Marcus Coates

London

at Workplace

Marcus Coates: Extinct Animals (Syrian Elephant), 2018, plaster of paris, 113/8 by 4¾ by 6¼ inches; at Workplace.

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The subject of animals and the natural world has become a major curatorial trend in the United Kingdom in recent years, and no British artist is situated more centrally within that discourse than Marcus Coates, whose work appears in most zoologically themed shows. Coates is the go-to guy for injecting a certain tone of irony and bathos, most notably with the quasi-shamanic projects where he adopts the guise of animals—the point being that his costumes and behaviors are less about truly emulating or understanding animals than about channeling human desires.

His most recent body of work stems from a period he spent on Fogo Island in Newfoundland, and sees him shifting toward broader ecological concerns. The video Apology to the Great Auk (2017) is based on one of the most notorious episodes in natural history: the hunting to extinction, by the middle of the nineteenth century, of the North Atlantic bird species the great auk, which was prized for its soft down. The piece cuts between three different scenes: Coates meeting with the island’s mayor to get a formal statement of apology ratified; Coates chairing a committee of islanders to debate the language the document should be couched in; and the mayor publicly reading aloud the final draft, addressing the vanished birds themselves through a loudspeaker aimed out to sea. “Your extinction is a defining moment in the history of the world,” he intones, promising “to do all we can to protect the other auks, the birds and animals we share our territory with.” Yet for all the apparent sincerity of the message, the inherent absurdism of the proceedings is also palpable—the idea that any bureaucratic or oratorical act might compensate for the destruction of a species. Ultimately, the symbolic address to all of great auk–dom comes off as simply a form of anthropomorphism, as another way of ascribing value to animals based on human utility, in this case their capacity to serve as vehicles for off-loading the guilt we feel at our environmental depredations. The video’s shots of the empty, endless sea seem to imply the apology is equally a sort of empty gesture. Still, it’s a shame that Coates didn’t see fit to delve more into the historical background, the European colonization that formed the conditions for ecological exploitation.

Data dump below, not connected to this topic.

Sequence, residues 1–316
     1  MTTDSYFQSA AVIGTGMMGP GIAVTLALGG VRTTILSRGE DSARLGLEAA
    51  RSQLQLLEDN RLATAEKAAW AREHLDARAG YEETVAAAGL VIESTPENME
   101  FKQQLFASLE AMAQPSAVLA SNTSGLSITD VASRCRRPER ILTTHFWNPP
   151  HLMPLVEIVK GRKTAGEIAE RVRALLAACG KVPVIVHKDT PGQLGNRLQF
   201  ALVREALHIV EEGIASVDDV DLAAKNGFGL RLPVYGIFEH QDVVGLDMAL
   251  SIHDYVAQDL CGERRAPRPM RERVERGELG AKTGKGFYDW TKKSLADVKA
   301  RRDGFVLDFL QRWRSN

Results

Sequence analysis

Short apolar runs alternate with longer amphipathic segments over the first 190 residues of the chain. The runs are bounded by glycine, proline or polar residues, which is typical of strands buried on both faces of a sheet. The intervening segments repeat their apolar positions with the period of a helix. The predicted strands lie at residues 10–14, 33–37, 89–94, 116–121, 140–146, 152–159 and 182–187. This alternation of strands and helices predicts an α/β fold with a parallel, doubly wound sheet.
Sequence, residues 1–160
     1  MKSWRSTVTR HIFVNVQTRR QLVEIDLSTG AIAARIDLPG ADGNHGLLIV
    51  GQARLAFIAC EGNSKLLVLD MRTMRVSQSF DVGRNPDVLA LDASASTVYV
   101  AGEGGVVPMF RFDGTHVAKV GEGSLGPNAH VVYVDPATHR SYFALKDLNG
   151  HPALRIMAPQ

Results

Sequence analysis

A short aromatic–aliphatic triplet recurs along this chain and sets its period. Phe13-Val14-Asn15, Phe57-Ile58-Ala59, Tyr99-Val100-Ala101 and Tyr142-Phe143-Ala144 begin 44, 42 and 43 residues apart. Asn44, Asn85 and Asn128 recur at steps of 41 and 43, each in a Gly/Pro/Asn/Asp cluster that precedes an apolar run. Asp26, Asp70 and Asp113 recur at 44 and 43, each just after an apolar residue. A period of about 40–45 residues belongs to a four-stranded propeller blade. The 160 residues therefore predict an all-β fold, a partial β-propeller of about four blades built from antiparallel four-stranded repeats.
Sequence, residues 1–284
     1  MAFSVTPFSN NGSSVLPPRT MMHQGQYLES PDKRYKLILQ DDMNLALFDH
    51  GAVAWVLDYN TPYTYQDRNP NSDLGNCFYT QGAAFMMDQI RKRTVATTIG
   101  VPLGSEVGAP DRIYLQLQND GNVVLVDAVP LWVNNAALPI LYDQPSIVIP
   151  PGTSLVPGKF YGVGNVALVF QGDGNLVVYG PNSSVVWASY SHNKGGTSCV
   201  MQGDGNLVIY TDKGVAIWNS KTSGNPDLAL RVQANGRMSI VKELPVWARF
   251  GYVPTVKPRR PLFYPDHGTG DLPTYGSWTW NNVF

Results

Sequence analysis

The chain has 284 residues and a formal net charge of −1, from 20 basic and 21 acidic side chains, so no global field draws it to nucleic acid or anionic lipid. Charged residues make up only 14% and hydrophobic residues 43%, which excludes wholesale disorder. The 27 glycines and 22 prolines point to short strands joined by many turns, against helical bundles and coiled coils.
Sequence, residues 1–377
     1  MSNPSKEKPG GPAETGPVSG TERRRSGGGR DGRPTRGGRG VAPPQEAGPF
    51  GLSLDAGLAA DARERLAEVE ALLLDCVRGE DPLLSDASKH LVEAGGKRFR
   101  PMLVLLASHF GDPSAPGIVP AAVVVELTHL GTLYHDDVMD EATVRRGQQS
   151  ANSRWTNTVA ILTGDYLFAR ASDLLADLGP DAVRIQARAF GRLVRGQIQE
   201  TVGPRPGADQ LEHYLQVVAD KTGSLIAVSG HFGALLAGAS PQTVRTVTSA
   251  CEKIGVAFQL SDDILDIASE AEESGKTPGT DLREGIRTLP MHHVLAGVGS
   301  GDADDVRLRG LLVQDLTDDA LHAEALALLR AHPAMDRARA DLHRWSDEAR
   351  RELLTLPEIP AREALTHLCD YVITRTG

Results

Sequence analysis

A companion video, The Last of Its Kind (2017), was also shot on Fogo Island. This time, it is Coates who serves as representative of a species, acting the role, in some unspecified future scenario, of the final human being alive in the world. Shouting out to sea, standing naked behind a deserted stone ruin on the rocky coastline, he boasts about humanity’s achievements, listing the marvels of civilization—everything from the Bible and the Koran to Shakespeare to radios and refrigerators to feminism. Like a sort of litany or mantra, the list gets repeated numerous times, his declamations becoming increasingly fraught and desperate, swallowed up by the encompassing vastness of sky and ocean. Yet somehow the work never feels as tragic, or as tragicomic, as it was presumably intended. The problem, essentially, is its reliance on the overfamiliar Romantic trope of sublime, indifferent nature. Coates’s work is better when it seeks instead to deconstruct our received ideas of the natural world.

In that sense, his sculpture series “Extinct Animals” (2018) feels more astute. The works comprise plaster casts of hands posed in the sort of gestures one would make to cast animal-shaped shadows. Several species—the Syrian elephant, for instance, and the passenger pigeon—are ably portrayed. But others, such as the Yangtze River dolphin, required fingers to be lopped off to create the right shapes. The Lake Pedder earthworm is represented by a single, amputated digit. The sense is of the shortcomings of humanity; and of nature refusing to conform to our easy, self-centered representations of it.